World Prematurity Day 2021
World Prematurity Day (WPD) is celebrated on November 17 each year. The goal is to raise awareness across the globe of the challenges of preterm birth and to honor preterm born babies and their families. Globally, there are more than 15 million premature births each year. WPD brings attention to the challenges clinicians face when working with these fragile preterm neonates either during the neonatal transition in delivery rooms or later in neonatal intensive care units.
Preterm Birth Complications
Preterm birth complications are the leading cause of death among children under 5 years of age. In addition to the morbidity and mortality associated with preterm birth in the neonatal period (the first month of life), preterm birth may lead to continued poor health in infancy (the first year of life), and even into adulthood. Infants born preterm, and even more so the extremely preterm, have immature organ systems and are more vulnerable to organ injury, death, chronic illness and neurodevelopmental disability than full-term newborns. The lungs of very preterm infants are susceptible to injury because they are structurally immature, surfactant-deficient, fluid-filled, and not supported by a stiff chest wall. Supporting the preterm baby in the neonatal transition can be a challenging task for midwives and neonatologist.
Challenges for Clinicians
When a preterm infant fail to breathe adequately immediately after birth, international guidelines advocate positive pressure ventilation. The purpose is to apply positive pressure ventilation (PPV) in an appropriate, gentle way to create a functional residual capacity, facilitate gas exchange and minimize lung injury. Despite being one of the most important interventions taking place in the delivery room, manual ventilation is one of the least controlled. The tidal volumes (VT) given during neonatal transition are rarely monitored and it is up to the caregiver to estimate the volumes given trusting his or her clinical experience. Both over and under-ventilation can seriously damage lungs and brain of the newborn infant. Intraventricular haemorrhage (IVH) and bronchopulmonary dysplasia (BPD) are major complications of premature birth.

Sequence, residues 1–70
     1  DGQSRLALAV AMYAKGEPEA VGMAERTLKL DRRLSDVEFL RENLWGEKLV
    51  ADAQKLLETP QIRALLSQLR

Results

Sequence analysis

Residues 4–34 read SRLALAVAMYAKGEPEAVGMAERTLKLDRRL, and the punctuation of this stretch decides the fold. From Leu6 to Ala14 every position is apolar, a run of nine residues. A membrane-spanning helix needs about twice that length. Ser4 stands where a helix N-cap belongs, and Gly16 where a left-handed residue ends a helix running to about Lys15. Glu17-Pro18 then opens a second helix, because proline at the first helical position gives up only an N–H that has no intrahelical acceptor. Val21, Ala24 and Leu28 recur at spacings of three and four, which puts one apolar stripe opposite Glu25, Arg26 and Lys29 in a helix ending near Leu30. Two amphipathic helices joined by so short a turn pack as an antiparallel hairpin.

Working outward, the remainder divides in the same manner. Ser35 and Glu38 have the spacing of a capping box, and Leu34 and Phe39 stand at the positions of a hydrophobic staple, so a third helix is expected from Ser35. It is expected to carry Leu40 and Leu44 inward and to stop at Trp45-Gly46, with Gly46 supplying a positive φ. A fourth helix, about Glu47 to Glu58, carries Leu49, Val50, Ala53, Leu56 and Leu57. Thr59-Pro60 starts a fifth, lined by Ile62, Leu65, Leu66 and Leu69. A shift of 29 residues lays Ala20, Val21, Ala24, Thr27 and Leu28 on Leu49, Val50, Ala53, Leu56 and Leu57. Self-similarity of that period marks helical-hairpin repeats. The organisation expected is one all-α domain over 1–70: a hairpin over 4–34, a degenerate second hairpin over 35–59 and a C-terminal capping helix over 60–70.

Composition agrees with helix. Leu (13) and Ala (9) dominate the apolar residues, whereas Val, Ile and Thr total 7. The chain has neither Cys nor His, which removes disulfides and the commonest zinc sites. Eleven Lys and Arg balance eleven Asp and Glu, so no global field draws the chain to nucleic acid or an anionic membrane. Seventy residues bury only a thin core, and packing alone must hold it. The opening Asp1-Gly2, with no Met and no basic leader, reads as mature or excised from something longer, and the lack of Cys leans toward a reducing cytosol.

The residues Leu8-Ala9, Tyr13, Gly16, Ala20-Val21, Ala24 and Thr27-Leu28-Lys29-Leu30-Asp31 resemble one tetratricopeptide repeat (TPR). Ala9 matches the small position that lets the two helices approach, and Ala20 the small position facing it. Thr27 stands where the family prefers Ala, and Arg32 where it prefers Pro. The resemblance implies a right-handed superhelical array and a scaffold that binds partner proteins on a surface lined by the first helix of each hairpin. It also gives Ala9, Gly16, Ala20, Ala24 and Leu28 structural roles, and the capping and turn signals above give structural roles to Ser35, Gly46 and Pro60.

About World Prematurity Day
WPD was originally initiated in 2008, by the European Foundation for the Care of Newborn Infants (EFCNI) and partnering European parent organizations. The day became global in 2010, when EFCNI joined forces across continents with the US organization “March of Dimes”, the African organization “LittleBigSouls” and the Australian “National Premmie Foundation”. In the US, November is also Prematurity Awareness Month and dedicated to raise awareness on premature birth.
Most pregnancies last around 40 weeks, which is considered healthy. According to the WHO definition, every baby born before the completion of 37 weeks of gestation, is considered preterm. Preterm births can be categorized in late preterm, very preterm and extremely preterm.
- Late preterm – babies born between 32 and 37 weeks of gestation.
- Very preterm – babies born between 28 and 32 weeks of gestation.
- Extremely preterm – babies born before 28 weeks of gestation.
Regular “low-dose high-frequency” training with a respiratory function monitor has been shown to improve effectiveness, preparedness and retention of resuscitation skills.
Monivent unique product platform utilises the same technology to allow healthcare professionals to practice, improve and maintain their manual ventilation skills – and to apply the skills in clinical setting.